Most news channels look for that ‘happy’ news story they can share each morning, and particularly over Christmas there is a search for ‘heart-warming’ stories to remind us how good people really are. There’s a focus on charitable work, the impact it has for good and how the viewing public can support it.

Take the example of those that work in and around the issue of homelessness in Scotland. While I’d argue that there is a lot of work to be done and we won’t rest until it’s ended (that’s possible by the way, but a conversation for another blog) the landscape has improved considerably. Rough sleeping figures in Glasgow and Edinburgh significantly down; evidence led work such as ‘Housing First’ becoming the norm; a prevention focus with new prevention duties; and defining what ‘unsuitable’ accommodation is and removing it from the system. We’ve seen the shift away from the need for winter night shelters with mattresses on the floor and a move to emergency welcome centres. If you want a more in-depth read into what’s changed over the last ten years here’s a journal from contributors across Scotland.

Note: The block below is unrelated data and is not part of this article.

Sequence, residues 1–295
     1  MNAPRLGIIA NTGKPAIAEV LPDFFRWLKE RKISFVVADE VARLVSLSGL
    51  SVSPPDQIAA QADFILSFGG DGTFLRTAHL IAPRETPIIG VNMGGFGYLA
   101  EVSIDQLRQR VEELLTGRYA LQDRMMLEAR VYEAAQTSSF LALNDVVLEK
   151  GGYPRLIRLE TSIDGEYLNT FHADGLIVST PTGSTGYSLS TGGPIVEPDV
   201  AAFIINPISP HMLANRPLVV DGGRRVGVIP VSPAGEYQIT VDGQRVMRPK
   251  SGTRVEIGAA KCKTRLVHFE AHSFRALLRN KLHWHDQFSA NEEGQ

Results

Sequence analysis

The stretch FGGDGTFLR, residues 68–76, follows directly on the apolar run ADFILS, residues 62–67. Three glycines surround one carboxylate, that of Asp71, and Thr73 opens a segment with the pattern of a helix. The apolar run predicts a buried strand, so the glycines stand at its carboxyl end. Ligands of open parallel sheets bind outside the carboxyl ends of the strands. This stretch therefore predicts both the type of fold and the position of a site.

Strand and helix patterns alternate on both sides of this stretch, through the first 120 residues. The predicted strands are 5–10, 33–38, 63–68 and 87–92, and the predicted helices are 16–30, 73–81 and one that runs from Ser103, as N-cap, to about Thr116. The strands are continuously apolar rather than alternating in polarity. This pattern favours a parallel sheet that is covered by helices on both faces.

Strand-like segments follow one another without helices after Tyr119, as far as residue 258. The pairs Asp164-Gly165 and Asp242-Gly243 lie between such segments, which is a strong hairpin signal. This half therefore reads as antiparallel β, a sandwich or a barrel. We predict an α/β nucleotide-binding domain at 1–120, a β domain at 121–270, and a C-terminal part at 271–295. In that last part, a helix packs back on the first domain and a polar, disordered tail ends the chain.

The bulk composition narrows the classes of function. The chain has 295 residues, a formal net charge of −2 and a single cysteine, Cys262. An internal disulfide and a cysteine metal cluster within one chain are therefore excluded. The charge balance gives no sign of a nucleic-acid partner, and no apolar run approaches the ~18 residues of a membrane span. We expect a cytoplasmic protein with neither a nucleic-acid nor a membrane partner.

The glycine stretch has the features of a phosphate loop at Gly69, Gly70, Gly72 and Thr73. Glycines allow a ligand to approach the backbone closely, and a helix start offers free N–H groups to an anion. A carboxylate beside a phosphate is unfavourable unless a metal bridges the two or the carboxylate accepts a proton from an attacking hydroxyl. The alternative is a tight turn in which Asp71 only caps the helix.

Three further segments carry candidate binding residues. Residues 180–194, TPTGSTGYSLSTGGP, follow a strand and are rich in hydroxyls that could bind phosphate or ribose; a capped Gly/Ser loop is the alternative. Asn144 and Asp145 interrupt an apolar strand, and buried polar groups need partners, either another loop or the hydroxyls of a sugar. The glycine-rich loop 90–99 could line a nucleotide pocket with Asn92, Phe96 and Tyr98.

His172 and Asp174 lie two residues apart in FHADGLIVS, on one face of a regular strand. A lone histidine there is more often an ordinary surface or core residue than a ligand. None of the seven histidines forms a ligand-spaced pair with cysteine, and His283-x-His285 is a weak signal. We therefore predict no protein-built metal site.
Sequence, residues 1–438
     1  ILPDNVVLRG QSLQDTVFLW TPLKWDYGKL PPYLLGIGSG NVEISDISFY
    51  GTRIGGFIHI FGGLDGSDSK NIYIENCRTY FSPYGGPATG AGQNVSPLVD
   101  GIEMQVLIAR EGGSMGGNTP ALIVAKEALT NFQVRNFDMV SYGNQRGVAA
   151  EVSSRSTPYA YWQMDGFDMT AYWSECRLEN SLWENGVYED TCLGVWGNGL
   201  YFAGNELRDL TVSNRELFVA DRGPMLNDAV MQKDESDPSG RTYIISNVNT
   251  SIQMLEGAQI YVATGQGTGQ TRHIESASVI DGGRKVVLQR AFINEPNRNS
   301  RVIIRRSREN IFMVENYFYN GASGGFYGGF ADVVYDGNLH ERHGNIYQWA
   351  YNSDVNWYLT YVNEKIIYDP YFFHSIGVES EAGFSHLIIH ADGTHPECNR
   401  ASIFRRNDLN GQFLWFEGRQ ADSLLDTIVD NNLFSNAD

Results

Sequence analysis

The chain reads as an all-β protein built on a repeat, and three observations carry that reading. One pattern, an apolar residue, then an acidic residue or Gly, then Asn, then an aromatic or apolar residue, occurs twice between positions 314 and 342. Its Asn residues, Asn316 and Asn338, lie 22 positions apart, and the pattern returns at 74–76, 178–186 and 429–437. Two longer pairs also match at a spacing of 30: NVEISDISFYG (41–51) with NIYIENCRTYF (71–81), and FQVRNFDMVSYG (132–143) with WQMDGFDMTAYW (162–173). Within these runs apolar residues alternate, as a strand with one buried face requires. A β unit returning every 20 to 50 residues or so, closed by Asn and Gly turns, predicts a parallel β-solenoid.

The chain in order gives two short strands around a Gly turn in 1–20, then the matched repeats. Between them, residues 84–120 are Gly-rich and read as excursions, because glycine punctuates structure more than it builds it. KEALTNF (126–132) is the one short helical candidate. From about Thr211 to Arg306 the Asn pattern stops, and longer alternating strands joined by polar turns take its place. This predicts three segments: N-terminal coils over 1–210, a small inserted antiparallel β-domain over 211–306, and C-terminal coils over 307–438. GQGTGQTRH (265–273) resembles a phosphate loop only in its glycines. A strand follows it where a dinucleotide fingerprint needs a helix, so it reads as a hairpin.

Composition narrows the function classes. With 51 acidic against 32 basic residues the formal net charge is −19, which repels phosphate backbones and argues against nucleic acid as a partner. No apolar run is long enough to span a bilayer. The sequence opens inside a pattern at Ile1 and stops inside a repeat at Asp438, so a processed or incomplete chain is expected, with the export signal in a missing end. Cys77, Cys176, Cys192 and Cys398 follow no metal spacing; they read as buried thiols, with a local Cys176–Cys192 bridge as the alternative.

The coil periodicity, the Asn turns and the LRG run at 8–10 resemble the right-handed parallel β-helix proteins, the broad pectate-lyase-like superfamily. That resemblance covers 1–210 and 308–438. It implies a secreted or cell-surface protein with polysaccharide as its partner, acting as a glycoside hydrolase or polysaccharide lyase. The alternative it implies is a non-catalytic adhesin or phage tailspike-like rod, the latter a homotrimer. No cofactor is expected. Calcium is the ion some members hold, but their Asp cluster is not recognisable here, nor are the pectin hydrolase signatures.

What was learned over decades is that what works for people who are homeless is what works for everyone. We all want a safe and secure home to live in, we want enough income to live, whether that’s benefits or salary, we want to be able to live, not just survive. We want to be as healthy as we can be, both physically and mentally. Finally, we want positive and supportive relationships around us.

Yet sometimes, a different approach is proposed for people who are homeless – sometimes its delivered, and sometimes it is even supported by politicians, businesses, the general public. Our new conversation series is to help cast some light on why good intentions are not enough when responding to big social challenges like poverty, social isolation and homelessness. And why, without the right knowledge and partnerships, good intentions can even cause harm.

We had a lively first conversation, with inputs from colleagues from Heriot-Watt university, Simon Community Scotland, Transform Community Development in Dundee and Help the Homeless Glasgow. We scratched the surface of the following themes, and committed to further developing each of them during 2023: